The highlight today is a motorcyclists dream as we traverse the TransAlpina, known locally as ‘the Kings Road’ and sometimes referred to as ‘The Devils Path’. The TransAlpina road (DN67C) is the highest road in Romania and one of the famous Romanian high altitude roads. With a length of 146 km, it crosses the Southern Carpathian Mountains and reaches a maximum altitude of 2,145m above sea level at Pasul Urdele. It is considered one of the most spectacular roads of the Carpathian Mountains and offers breathtaking views together with an exhilarating ride. Arguably the oldest road over the Carpathian Mountains, TransAlpina was built at the beginning of the 2nd Century AD by the Roman legions during their war campaign to conquer Sarmizegetusa – the capital of Dacia (modern-day Romania). After the conquest of Dacia, the Romans used the TransAlpina to transport gold to Rome extracted from Transylvania. You can go there and have a great look around, but the track actually leaves the Transalpina some kilometres before, to follow one of the most spectacular and scenic off-road bits in Romania: the Strada Strategica. The Strategica is an old WW2 military piste that provides you with amazing riding and panoramic views. Not far after leaving the Transalpina you´ll come across a meadow that is often slippery, so take good care there. And not far after that, you´ll have a splendid view to your left, down on a lake. The road continues east and at km 23 offers you a choice: if you like a good challenge and if the weather is dry, you just continue the Strategica that becomes more difficult, with ridges and washouts that demand some off-road experience and courage. Otherwise turn right at the km 23 intersection and leave the Strategica by its easy exit through the forests and the village of Ciungetu. Both options take you back to the road that leads to Valea Măceşului and Voineasa.
From Voineasa the track brings you a final off-road highlight, as it follows 40 kilometres of dirt road that is partly rocky and can be tough to ride. Amazing views when the road goes alongside a wild river, but eventually leads into green forests and back to civilization. And to the final section that many call the best mountain road ever: the Transfagarasan highway. From above, it looks more like a racetrack, with spoon shaped hairpins, extremely flowy to ride and spectacularly carved into the mountain. On its highest point, just before the tunnel, the track turns left to Lac Balea. A spot where Romania looks like Norway. And then there´s just another little step to ride up and you´re at the end of this ACT track, with a breath-taking view back at the road that brought you up here and back into the country that gave you 5 days of unforgettable riding.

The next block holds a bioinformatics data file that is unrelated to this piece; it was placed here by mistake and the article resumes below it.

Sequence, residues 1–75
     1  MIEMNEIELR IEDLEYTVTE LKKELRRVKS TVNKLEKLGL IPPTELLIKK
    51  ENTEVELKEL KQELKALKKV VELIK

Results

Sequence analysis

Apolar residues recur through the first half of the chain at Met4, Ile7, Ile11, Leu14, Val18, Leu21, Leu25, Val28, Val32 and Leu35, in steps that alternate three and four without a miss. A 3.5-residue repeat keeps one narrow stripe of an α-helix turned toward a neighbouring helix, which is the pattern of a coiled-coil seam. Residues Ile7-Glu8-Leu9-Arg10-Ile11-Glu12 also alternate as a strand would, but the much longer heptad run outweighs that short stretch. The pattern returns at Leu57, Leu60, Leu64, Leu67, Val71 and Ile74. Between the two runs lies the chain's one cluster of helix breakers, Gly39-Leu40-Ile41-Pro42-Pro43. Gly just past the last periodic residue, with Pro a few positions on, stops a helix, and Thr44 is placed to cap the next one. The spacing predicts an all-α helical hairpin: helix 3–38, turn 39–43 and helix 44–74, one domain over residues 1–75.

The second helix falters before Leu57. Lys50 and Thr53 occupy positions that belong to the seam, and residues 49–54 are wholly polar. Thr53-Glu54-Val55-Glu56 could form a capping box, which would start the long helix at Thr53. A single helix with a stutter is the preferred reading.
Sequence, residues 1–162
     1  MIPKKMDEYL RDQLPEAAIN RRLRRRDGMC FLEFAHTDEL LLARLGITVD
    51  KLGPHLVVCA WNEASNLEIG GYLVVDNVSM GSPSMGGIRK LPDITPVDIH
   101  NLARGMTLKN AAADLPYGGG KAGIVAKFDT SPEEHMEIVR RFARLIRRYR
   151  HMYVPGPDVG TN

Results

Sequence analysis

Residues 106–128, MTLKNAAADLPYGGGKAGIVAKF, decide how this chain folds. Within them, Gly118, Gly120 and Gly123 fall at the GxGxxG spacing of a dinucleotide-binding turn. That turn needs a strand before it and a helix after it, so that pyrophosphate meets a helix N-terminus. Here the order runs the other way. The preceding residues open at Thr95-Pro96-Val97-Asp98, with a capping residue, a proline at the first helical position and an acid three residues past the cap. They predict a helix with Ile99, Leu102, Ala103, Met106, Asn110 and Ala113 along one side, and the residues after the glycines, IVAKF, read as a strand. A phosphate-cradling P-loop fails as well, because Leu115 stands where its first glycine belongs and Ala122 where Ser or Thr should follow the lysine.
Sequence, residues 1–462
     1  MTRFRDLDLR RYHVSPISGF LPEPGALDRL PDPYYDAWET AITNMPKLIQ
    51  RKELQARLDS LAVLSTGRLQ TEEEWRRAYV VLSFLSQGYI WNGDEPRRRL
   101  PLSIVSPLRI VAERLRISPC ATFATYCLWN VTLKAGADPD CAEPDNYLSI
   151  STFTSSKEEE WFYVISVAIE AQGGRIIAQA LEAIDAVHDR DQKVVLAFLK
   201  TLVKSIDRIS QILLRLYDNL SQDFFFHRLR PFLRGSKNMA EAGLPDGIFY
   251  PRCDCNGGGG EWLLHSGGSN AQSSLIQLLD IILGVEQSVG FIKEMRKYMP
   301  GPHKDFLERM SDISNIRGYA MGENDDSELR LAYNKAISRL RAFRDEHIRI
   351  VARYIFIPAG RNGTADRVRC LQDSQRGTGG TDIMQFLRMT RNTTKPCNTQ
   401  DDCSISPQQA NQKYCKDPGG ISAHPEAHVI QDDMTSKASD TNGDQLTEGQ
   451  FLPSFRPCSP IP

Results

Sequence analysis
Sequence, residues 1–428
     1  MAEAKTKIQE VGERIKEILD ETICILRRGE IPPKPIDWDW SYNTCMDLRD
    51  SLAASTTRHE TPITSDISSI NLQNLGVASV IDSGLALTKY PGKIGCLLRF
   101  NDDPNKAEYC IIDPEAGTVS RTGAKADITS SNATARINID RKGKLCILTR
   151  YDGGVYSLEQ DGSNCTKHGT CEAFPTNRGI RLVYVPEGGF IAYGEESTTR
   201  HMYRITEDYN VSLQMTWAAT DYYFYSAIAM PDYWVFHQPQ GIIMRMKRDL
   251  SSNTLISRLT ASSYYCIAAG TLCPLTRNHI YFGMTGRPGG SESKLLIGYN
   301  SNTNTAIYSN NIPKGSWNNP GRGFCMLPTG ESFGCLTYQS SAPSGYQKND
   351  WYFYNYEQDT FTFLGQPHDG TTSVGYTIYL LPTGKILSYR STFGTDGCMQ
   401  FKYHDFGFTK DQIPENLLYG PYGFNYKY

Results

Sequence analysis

More than 150 kilometres in length the Transfagarasan Highway is Romania’s most spectacular and best known road and, thanks to an appearance on BBC Top Gear in 2009, now one of the country’s most popular tourist attractions. Fully open only from June to October, the road’s highest point is at 2042 metres: the tunnel which links the northern and southern sides at Lake Balea (Balea Lac). The Transfagarasan was built between 1970 and 1974 by military forces. After the 1968 invasion of Czechoslovakia by the Soviets, Nicolae Ceausescu had it built as a strategic military route to cross the mountains in the event the Soviets attempted a similar move into Romania. The builders used 6000 tons of dynamite to clear a path for the road on the northern side of the mountains (this is the most spectacular) and on the tunnel. 40 soldiers lost their lives during construction. Facts and figures tend to vary but you get the jist.
Day 7 | Rest Day with optional rideout to Bran / Draculas Castle and Bucegi National Park – a day of never ending twistiies!
Day 8 | Transfagarasan to Targu Jiu | 220km
An easy day is on offer today as we enjoy the Transfagarasan before turning west and towards our destination at Targu Jiu. With the official ACT track now complete there are also more off-road sections available for those who wish
Day 9 | Targu Jiu to Timisoara | 370km
Today sees us ride through a number of national parks on quiet rural roads and to our most southerly point on tour, where the mighty Danube acts as a natural border between Serbia and Romania. We follow the Danube for a while along the border before turning north to Timisoara and our final night in Romania
Day 10 | Timisoara to Budapest | 275km
Again an easy days biking is in order to finish our tour as we meander our way back to Budapest. Divided in two by the Danube, the city is made up of Buda on one side: with Ottoman-era thermal baths at the foot of the spectacular Gellért Hill, the royal palace and Matthias Church, it radiates calm and peace. One the other side lies Pest, vibrant and lively, with its slew of museums rich in cultural and historical treasures, extraordinary Secessionist architecture, its majestic Parliament building considered as one of the most magnificent in the world, Saint Stephen’s Basilica surrounded by pedestrian streets, and its entirely renovated Jewish Quarter and Palace District. Besides its historical value, Budapest has a highly developed cultural scene with its world-class festivals, theatres, museums, concert halls and sporting events. For relaxing and enjoying nature, Margaret Island is the city’s “green heart” (considered by many to be one of Europe’s best city parks) – the perfect place to enjoy a stroll, various sports, swimming in outdoor pools or soaking in thermal baths and spas. As for foodies, the celebrated creations of Hungarian cuisine are a definite must!